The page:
RECON Tracks Winds & Tides of TS Eta
As pictured here, the entire Marine Lab parking lot flooded on Nov.11 due to storm surge in Tarpon Bay.
As Tropical Strom Eta passed through the area, SCCF’s RECON (River, Estuary, and Coastal Observing Network) sensors stationed throughout the Caloosahatchee River and surrounding waters recorded exaggerated changes in barometric pressure, windspeed, tide levels, and salinity.
Eta was the 28th storm of the 2020 Atlantic hurricane season and the first official tropical storm of the year to make landfall in Florida. Although the eye remained in the Gulf of Mexico, Southwest Florida got the brunt of Eta’s force on Wednesday, Nov. 11, with max wind speeds clocking in at 69 mph in Naples and up to 2.75 feet of storm surge recorded in Fort Myers.
Eta was located about 120 miles west of Sanibel when upgraded to a Cat. 1 Hurricane in a 7:30am update from the National Hurricane Center on Nov. 11, and was downgraded to a Tropical Storm with the 1pm update. Click here to see a WINK News video of flooding on the Sanibel Causeway, which closed temporarily.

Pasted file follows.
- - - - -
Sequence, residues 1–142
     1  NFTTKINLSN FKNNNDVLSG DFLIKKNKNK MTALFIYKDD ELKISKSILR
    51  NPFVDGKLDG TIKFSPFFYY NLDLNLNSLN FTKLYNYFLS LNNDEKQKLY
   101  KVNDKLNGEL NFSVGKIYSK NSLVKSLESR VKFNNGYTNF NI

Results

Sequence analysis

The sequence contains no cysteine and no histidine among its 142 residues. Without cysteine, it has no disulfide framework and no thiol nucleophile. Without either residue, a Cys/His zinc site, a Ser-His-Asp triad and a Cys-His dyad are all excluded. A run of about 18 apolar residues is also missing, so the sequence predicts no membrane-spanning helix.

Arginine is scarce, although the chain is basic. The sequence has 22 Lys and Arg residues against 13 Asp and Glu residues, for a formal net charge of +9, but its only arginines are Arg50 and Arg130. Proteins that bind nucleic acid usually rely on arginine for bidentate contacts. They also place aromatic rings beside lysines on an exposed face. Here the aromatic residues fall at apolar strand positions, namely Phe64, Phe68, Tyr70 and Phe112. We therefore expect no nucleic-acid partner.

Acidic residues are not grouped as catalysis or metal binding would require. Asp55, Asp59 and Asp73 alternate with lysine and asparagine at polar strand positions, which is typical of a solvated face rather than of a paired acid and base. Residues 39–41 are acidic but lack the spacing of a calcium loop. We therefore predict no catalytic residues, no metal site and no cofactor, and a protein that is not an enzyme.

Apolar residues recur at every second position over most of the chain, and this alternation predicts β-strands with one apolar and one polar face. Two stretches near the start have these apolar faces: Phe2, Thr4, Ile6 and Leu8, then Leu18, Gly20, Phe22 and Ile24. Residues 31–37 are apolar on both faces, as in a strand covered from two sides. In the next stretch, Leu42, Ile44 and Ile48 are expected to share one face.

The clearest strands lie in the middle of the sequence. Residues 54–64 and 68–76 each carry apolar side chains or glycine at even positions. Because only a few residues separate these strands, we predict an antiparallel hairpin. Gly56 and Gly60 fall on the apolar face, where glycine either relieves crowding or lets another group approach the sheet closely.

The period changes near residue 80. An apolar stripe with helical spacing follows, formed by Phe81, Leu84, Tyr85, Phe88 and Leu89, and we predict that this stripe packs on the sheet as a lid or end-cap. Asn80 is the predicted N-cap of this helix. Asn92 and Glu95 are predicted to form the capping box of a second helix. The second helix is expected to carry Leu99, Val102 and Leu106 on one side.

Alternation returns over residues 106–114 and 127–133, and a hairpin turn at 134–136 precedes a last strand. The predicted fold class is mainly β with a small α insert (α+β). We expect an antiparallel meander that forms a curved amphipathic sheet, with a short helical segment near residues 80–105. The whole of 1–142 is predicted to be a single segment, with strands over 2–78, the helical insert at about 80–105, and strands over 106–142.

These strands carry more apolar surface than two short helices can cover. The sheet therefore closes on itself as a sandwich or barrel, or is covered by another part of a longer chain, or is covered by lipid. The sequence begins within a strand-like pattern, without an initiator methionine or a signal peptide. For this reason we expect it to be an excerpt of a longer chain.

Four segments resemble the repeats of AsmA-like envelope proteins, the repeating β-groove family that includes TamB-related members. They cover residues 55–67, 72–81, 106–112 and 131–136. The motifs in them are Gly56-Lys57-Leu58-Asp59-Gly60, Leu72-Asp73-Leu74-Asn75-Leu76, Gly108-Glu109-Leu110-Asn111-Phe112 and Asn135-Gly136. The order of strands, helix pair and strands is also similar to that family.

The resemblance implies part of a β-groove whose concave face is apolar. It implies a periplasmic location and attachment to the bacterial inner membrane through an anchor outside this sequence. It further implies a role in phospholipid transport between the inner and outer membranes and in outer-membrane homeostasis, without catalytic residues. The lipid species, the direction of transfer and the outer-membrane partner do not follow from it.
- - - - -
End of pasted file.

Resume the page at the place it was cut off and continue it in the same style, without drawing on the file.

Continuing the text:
From Nov. 4 through Nov. 9, sensors at Redfish Pass and Fort Myers recorded a steady drop in barometric pressure, which remained low through Nov. 11. Barometric pressure is crucial in predicting approaching storms. The faster and lower the drop, the quicker the storm will arrive and the greater its intensity will be.
On Nov. 11, wind gusts at the Redfish Pass RECON site reached a maximum of 56.9 mph at 11am, with wind speeds remaining around 30 mph for most of the day. For comparison, the average wind speed throughout the month of November at Redfish Pass has been 15.2 mph.
At all sites, high tide levels surged during Eta to more than triple their yearly tidal average. At the Shell Point and Fort Myers RECON sites, the tide levels were respectively over six and seven times higher than their averages for 2020.
At the estuarine sites of Tarpon Bay and Shell Point, Eta’s tidal surges brought levels of higher salinity for longer than usual at high tide. This extended period of increased salinity was due to the unidirectional winds blowing in from the Gulf of Mexico, forcing higher salinity ocean water into the estuary and up the Caloosahatchee.
Click here to see real time water quality data.